Reconstruction of the Brighton Line began on April 26, 1986, and the daytime M was shifted to the Fourth Avenue Line's express tracks south of DeKalb Avenue and terminated at Bay Ridge–95th Street.[4] In 1987, the route was changed to split from Fourth Avenue at 36th Street, running along the BMT West End Line to Ninth Avenue during middays, with an extension to Bay Parkway during rush hours. This service duplicated a pattern that had last been operated as the TT until late 1967. M service along Fourth Avenue was switched to the local tracks in 1994, switching with the N, which had run local since the M was moved in 1987. The midday M was truncated to Chambers Street in April 1995 from Ninth Avenue in Brooklyn.[4]


From April 1997 to August 1997, during late nights and weekends, the M terminated at Essex Street due to reconstruction of Myrtle Avenue.[4]

From May 1 to September 1, 1999, the Williamsburg Bridge subway tracks were closed for reconstruction, splitting M service in two sections. One service ran at all times between Middle Village–Metropolitan Avenue and Marcy Avenue. The other ran rush hours only between Bay Parkway and Chambers Street. A shuttle provided service on the BMT Nassau Street Line.[4][8][9][10][11] Fares on the B39 bus crossing the Williamsburg Bridge were eliminated and free subway-bus transfers were given at Marcy Avenue and at Delancey Street. The closure was anticipated to last until October 1999, but subway service was restored one month ahead of schedule.[12] The project cost $130 million, including replacing the tracks' support structure, signal systems and other equipment.[13]

From July 23, 2001 to February 22, 2004, work on the Manhattan Bridge subway tracks resulted in a midday extension back to Ninth Avenue, as well as an extension of the times that the rush hour service was provided to 10 PM. This change preserved service between the West End Line and Chinatown for passengers that would have taken the B to Grand Street. When full Manhattan Bridge service was restored, midday M service was cut back to Chambers Street.[4][14][15][16]

The September 11, 2001 attacks caused a temporary reduction of the M to a full-time shuttle until September 17. Then it was extended full-time over the BMT Sea Beach Line to Stillwell Avenue, replacing the N, until October 28.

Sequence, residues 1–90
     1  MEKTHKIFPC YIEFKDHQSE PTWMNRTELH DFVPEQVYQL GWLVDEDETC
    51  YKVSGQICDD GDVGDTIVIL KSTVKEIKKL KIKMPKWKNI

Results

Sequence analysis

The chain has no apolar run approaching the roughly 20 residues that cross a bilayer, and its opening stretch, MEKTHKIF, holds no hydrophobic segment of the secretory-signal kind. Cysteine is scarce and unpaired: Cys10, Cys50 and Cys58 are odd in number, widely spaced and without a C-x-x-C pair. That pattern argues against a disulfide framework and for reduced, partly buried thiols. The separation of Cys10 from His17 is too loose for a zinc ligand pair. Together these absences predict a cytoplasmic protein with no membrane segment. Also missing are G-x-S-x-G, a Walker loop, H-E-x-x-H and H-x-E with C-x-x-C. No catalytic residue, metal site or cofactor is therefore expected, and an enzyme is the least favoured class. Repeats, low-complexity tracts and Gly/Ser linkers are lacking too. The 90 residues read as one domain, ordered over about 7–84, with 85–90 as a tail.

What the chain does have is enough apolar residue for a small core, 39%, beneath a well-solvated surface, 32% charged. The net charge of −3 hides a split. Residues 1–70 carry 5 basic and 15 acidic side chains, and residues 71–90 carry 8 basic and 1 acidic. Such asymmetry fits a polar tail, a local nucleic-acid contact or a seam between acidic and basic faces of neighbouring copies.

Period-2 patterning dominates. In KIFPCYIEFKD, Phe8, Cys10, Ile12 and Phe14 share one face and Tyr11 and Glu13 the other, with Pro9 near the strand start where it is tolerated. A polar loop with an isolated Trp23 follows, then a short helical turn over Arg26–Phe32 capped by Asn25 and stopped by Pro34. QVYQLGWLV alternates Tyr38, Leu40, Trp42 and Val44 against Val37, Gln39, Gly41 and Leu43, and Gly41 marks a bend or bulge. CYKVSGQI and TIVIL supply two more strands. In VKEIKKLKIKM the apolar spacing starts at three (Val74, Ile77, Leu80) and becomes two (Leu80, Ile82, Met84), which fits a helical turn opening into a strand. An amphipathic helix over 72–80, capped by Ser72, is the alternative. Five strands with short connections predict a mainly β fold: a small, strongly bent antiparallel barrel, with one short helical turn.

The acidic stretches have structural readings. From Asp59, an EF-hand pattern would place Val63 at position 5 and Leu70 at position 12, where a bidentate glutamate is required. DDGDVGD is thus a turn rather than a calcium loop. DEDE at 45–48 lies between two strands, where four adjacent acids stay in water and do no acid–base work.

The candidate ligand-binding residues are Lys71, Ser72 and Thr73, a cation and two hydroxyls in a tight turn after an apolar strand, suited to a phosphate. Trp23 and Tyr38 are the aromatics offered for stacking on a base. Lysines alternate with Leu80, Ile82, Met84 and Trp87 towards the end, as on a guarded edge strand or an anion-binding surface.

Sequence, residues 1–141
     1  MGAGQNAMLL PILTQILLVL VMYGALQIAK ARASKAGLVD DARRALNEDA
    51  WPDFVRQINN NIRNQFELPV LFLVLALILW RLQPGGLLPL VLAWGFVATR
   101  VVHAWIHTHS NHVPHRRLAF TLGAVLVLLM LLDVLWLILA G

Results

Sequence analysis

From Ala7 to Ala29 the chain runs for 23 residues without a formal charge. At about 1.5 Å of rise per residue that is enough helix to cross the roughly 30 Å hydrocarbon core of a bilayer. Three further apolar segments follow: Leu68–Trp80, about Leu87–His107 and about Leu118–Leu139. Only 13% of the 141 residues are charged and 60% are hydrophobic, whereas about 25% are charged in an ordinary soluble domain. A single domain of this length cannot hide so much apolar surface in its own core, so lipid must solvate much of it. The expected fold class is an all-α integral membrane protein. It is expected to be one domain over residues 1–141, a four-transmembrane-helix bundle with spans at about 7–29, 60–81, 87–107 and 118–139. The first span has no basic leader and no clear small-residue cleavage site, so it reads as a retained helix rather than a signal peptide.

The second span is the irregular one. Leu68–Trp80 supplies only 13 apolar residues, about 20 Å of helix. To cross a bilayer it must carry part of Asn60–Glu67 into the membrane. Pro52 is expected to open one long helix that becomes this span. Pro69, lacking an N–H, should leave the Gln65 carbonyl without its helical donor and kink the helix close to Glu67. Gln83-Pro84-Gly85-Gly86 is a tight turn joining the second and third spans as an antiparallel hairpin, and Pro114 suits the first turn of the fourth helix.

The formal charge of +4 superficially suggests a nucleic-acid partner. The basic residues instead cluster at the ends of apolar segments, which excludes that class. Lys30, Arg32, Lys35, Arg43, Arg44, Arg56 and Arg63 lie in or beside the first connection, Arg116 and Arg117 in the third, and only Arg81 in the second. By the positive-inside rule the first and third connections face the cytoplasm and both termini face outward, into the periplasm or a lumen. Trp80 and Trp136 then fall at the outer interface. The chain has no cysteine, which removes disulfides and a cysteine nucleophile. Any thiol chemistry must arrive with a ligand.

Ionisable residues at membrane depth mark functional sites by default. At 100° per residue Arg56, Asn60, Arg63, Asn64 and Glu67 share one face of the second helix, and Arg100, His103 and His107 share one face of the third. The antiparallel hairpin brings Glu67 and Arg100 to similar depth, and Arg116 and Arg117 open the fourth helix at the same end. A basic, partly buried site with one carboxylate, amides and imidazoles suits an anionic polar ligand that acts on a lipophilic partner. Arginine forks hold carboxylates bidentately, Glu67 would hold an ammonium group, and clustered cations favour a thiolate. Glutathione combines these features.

On July 27, 2008, weekday evening trains were extended to Broad Street.[17]

2010 service changeEdit

The brown M logo from 1979 to 2010, when it served the BMT Nassau Street Line in Lower Manhattan, and since September 2017 on the R42s on the M Shuttle between Metropolitan Avenue and Myrtle–Wyckoff Avenues.

In late 2008, in light of severe budget woes, the MTA announced a slew of potential service cuts; among them was the potential elimination of rush-hour M service which had extended beyond Chambers Street on the Nassau Street Line in Lower Manhattan to Bay Parkway on the West End Line in Brooklyn. This, as well as all other proposals, were no longer considered after Albany lawmakers offered financial support to the MTA in May 2009. However, in late 2009, the MTA once again discovered that it was confronting another financial crisis; most of the same service cuts threatened just months earlier were revisited. One proposal included completely phasing out M service and using the V as its replacement. Under this proposal, the V would no longer serve its southern terminus at Second Avenue. Instead, after leaving Broadway–Lafayette Street, it would run along the Chrystie Street Connection, unused since the elimination of the K in 1976, and stop at the upper (BMT) level of Essex Street in Manhattan before serving all M stations to Metropolitan Avenue in Queens.